A Cajun 3-Way in Hermosa - New Orleans
Just a block down from Ragin Cajun, New Orleans occupies a space that used to be a 50s cafe, and you can still see traces of that design. The interior is a long diner counter, with tables lining the wall. The restaurant is extremely dark inside, so it is a little unwelcoming at first. I have been there a few times, but never managed to actually sit down and eat before. My dining companions usually take one look at the menu, and they are out of there. It is sticker shock, pure and simple. A bowl of gumbo costs 25 dollars. As my nephew observed, "What kind of po' boy can afford to pay 17 dollars for a sandwich?" The last time I tried to eat there, I was dragged out so quickly that my mother left behind an ornament she had purchased at the local fair.
This time, my mom and I went back with a mission, ready to pay any price. In a fancy French restaurant, no one would even blink at 25 dollars for an entree. That's the going rate for cioppino, and it was a seafood gumbo after all. We sat by the front window, and a young man took our drink order. My mom asked about the abandoned ornament, and he rushed right back with it. They had kept it safe for her all that time. While we waited for our food, an older gentleman with a formal, vaguely British accent engaged us in conversation. He is from Jamaica, and he owns the restaurant with his wife, Casandra, who is a native New Orleanian. I told him, "I can't wait to try your gumbo. We've heard such great things about it." He looked me in the eye and said, "It is your opinion that matters to me." Swoon.
Besides the usual fare, their menu includes baby-back ribs, steaks and tri-tip. There are a variety of sausages, including the elusive boudin. They offer a low-calorie gumbo and a few vegetarian meals. They also serve fried turkey and display a characteristically New Orleanian tendency to stuff things with other things (e.g. chicken stuffed with crawfish). In addition to desserts, they also have Pralines (pronounced prah-leens, not prey-leens).
At 25 bucks, we decided to split the gumbo. It was the right decision, as the gumbo arrived in a bowl bigger than my head. Our individual serving bowls were also huge. There was enough for us both to have our fill and take home a third bowl for later. So really, a bowl of gumbo actually costs less than 10 dollars when split between three people. Like a fine chateaubriand, it is meant to be shared. The gumbo was generous with andouille, shrimp, crab, chicken and tasso (A Cajun smoked pork). The shrimp was gently cooked to perfection - none of the rubberiness you would expect from something that has been boiling in the pot all day. They keep it tender by waiting and adding the seafood to each order as it comes in. They used to use authentic blue crab, but noticed that the locals left it uneaten, so they replaced it with the more familiar king crab legs. The broth was dark, smoky, and multilayered, with different flavors developing as you savored each bite. One flavor was a slightly fishy element, but I appreciate that other people highly value that flavor. My husband describes it as "rich with the taste of the sea."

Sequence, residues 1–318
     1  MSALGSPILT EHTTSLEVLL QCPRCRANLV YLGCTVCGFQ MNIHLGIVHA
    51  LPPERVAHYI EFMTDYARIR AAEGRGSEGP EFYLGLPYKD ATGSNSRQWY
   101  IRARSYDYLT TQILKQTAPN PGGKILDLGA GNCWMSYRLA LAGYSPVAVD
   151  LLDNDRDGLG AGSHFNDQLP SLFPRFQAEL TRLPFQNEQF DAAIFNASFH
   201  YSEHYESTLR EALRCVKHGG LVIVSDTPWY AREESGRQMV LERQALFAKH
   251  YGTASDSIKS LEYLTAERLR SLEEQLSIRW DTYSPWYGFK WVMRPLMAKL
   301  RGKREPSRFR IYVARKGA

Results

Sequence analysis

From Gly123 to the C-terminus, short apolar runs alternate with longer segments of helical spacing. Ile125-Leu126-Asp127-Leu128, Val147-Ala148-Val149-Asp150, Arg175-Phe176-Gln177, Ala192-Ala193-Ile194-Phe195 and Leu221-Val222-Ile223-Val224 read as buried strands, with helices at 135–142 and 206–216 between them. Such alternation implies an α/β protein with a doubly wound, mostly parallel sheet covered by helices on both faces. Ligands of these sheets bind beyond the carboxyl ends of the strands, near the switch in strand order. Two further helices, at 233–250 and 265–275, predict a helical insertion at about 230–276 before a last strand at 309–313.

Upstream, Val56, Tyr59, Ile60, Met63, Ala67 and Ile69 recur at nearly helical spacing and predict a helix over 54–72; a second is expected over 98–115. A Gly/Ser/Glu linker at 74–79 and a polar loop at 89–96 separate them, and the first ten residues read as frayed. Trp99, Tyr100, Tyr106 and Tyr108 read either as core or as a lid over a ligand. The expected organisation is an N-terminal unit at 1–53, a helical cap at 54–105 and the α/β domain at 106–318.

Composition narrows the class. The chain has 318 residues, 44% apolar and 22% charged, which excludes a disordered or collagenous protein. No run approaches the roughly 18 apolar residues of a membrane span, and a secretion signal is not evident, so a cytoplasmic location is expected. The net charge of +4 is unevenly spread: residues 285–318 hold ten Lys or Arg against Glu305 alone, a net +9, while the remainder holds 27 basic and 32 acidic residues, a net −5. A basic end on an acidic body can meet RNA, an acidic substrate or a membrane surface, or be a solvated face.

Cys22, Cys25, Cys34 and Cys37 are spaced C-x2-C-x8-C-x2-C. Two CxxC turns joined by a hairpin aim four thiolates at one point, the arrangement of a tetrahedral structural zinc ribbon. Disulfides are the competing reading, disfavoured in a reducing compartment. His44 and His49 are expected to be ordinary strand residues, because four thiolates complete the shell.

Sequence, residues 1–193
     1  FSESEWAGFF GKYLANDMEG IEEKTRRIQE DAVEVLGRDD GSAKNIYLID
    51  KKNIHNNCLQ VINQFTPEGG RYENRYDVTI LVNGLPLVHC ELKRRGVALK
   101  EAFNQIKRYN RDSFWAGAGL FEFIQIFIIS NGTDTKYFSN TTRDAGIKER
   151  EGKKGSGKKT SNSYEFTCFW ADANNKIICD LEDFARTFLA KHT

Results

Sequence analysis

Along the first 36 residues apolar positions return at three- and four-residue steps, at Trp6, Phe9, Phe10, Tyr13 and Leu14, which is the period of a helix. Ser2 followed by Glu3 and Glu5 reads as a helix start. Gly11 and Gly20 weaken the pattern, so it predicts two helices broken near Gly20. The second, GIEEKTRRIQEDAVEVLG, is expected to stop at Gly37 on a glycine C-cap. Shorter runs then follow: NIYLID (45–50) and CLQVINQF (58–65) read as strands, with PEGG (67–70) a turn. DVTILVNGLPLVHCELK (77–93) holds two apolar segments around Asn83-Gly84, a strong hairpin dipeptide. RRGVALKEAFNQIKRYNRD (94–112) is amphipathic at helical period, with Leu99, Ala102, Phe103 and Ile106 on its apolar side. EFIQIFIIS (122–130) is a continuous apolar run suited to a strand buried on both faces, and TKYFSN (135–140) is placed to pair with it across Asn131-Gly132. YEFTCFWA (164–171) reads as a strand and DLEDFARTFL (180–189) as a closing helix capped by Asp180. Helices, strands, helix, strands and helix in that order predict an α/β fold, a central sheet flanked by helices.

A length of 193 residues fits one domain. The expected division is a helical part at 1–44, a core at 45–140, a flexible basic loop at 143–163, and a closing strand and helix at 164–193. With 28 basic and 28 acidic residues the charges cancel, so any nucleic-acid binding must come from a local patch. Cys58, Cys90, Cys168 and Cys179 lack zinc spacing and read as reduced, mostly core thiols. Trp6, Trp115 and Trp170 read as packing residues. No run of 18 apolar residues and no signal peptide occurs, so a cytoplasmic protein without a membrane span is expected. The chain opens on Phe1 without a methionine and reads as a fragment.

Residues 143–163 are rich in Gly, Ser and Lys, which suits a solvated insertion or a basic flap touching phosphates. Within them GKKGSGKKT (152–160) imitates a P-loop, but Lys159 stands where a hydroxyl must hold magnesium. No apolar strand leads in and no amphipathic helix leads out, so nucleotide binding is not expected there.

Some people at a nearby table were from New Orleans and wanted to speak to the chef, so Casandra came over to chat with them and they all exchanged hugs. I called her over and got my hug too. I was curious about the grilled alligator, because that is one tough hunk of meat. You usually have to deep-fry it or stew the hell out of it. She said she only serves the tail meat, which is more tender. She told me it arrives from Louisiana as a whole tail. I immediately started wondering what I could do to make her let me come and watch her butcher the next one.
As long as we were there, I also ordered a fried catfish po'boy, alligator sausage po'boy (not made in-house, but also flown in), red beans, greens, and an order of peach cobbler to go. I ate the catfish po'boy cold later that night after staying out late. I noticed that even though they had sourdough bread on the table, they had used the traditional French bread for the sandwiches. The coating was thick, like fried chicken, and the fish was so meaty and lacking in any fishiness that I had to double-check to make sure it wasn't actually chicken. The alligator sausage seemed to have the crackle of a natural casing, and was interesting and spicy, but not really better than any other sausage. The red beans and rice tasted exactly like mine, so of course I loved them. I am especially finicky with greens. Just as I am overly-sensitive to fishiness, I am overly-sensitive to bitterness. These greens were a bit spicier than I am used to, but the balance of heat, tanginess and sweetness perfectly mellowed out the bitterness. I think they might possibly win the title of the best greens in Los Angeles. The cobbler was stuffed with caramelized apples and topped with a flaky lattice crust. It was a bit sweet, as soul food desserts tend to be. It was just right.
While we were waiting for the to-go order in the restaurant, I clumsily broke something. I felt like such an idiot. I wandered over to Casandra, put a hand on her shoulder and leaned in to whisper in her ear. Before I could start talking, she turned her head and kissed me on the forehead! She thought I was coming for some love and she was willing to oblige me with a motherly cuddle. I was touched beyond words. I whispered my transgression to her, and she told me not to worry about it. I felt so bad. As I was leaving, I made that helpless teeth-baring grimace that you make when you feel like a buffoon. She waved me away with a dishtowel and reassured me, "I got you." The subtle difference between "I got you" and "I got it" was not lost on me. And she does have me. For life.
New Orleans 140 Pier Ave Hermosa Beach, CA 90254 (310) 372-8970
(Closed Tuesdays and Wednesdays. You are welcome to bring in the "beverage" of your choice)